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Econometric Identification of the Cost of Maintaining a Child

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Author Info

  • Federico Perali

    ()
    (Department of Economics (University of Verona))

  • Martina Menon

    ()
    (Department of Economics (University of Verona))

Abstract

The paper estimates the cost of maintaining a child, of different ages, the cost of being a single and the cost of additional adults present in a family with the aim of making the income levels of different households comparable. The study investigates the issue of econometric identification of equivalence scales within a demand system modified to include demographic characteristics consistently with economic theory. It shows that a robust estimation of equivalence scales must take into formal consideration the problem of econometric identification. The estimation also proposes an encompassing demographic specification which permits isolation of the costs due to differences in needs and differences in household life-styles and scale economies.

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Bibliographic Info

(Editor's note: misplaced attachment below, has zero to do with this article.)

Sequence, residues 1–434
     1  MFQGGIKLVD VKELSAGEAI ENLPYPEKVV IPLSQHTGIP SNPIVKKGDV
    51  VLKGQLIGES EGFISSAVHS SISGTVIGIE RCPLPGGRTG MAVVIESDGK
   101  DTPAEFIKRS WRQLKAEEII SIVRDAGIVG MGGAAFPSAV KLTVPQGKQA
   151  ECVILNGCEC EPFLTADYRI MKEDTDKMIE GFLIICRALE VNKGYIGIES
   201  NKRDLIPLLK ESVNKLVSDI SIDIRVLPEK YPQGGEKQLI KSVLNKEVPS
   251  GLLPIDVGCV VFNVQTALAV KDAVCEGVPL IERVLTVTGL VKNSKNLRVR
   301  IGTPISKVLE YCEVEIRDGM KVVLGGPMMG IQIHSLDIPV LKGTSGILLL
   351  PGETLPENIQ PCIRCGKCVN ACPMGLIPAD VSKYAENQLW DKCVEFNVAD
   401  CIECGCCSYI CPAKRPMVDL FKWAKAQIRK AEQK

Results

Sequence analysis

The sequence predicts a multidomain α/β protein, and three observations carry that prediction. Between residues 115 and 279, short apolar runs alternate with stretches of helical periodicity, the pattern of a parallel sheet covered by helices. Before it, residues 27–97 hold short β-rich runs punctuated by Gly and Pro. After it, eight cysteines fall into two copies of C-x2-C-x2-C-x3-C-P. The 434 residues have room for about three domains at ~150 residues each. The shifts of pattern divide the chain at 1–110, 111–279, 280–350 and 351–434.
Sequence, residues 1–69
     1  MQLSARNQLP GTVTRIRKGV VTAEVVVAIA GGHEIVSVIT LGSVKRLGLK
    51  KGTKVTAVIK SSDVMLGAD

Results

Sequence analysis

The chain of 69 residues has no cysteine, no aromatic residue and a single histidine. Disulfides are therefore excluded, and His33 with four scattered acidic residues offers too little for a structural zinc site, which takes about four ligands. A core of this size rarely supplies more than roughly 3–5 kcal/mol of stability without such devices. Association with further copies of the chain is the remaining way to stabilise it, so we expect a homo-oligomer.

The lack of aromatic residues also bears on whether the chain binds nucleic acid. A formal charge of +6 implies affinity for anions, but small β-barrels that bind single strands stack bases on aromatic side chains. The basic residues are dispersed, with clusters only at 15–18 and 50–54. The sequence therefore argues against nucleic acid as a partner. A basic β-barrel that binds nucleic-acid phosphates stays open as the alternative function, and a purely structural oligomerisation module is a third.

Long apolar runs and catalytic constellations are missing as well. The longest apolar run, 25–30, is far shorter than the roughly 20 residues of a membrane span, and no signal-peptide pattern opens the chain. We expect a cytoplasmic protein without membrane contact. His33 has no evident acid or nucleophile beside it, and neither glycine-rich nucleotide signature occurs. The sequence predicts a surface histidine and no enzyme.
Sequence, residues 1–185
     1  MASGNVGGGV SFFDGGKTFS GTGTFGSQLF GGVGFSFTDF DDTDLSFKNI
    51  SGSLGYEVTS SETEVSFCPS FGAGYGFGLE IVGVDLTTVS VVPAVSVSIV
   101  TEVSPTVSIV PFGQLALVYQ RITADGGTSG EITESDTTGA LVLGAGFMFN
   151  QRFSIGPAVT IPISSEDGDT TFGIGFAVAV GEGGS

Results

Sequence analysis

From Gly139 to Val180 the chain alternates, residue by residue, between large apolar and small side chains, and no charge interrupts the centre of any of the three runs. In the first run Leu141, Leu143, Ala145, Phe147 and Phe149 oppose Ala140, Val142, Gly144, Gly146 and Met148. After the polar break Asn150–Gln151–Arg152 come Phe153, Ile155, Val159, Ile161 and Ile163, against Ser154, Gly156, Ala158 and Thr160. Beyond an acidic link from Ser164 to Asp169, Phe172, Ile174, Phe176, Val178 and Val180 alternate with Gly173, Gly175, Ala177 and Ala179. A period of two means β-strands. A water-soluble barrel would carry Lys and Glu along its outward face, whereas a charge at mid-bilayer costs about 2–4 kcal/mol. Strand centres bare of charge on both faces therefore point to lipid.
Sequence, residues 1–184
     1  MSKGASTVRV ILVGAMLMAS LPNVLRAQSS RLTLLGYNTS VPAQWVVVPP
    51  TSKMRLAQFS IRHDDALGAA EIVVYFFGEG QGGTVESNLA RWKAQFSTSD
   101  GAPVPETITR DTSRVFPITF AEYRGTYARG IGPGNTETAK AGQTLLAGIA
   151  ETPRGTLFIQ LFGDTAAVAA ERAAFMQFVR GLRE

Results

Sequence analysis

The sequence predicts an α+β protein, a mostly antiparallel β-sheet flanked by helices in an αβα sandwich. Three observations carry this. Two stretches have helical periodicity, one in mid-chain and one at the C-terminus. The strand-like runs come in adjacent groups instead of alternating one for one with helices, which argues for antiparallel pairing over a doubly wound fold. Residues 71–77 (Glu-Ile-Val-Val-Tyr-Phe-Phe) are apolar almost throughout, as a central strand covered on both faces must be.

Paper provided by University of Verona, Department of Economics in its series Working Papers with number 63/2009.

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Length: 36
Date of creation: Oct 2009
Date of revision:
Handle: RePEc:ver:wpaper:63/2009

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Related research

Keywords: Equivalence scales; identification; interhousehold comparisons; economies of scale;

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Cited by:
  1. Ismael Ahamdanech-Zarco & John A. Bishop & Andrew Grodner & Haiyong Liu, 2011. "Subjective poverty equivalence scales for Euro Zone countries," Working Papers 233, ECINEQ, Society for the Study of Economic Inequality.
  2. Hori, Masahiro, 2011. "The expenditure on children in Japan," CIS Discussion paper series 527, Center for Intergenerational Studies, Institute of Economic Research, Hitotsubashi University.
  3. Fabrizio Balli, 2012. "Are Traditional Equivalence Scales Still Useful? A Review and A Possible Answer," Department of Economics University of Siena 656, Department of Economics, University of Siena.
  4. Fabrizio Balli & Silvia Tiezzi, 2011. "Equivalence Scales Declining with Expenditure: Evidence and Implications for Income Distribution," Department of Economics University of Siena 611, Department of Economics, University of Siena.

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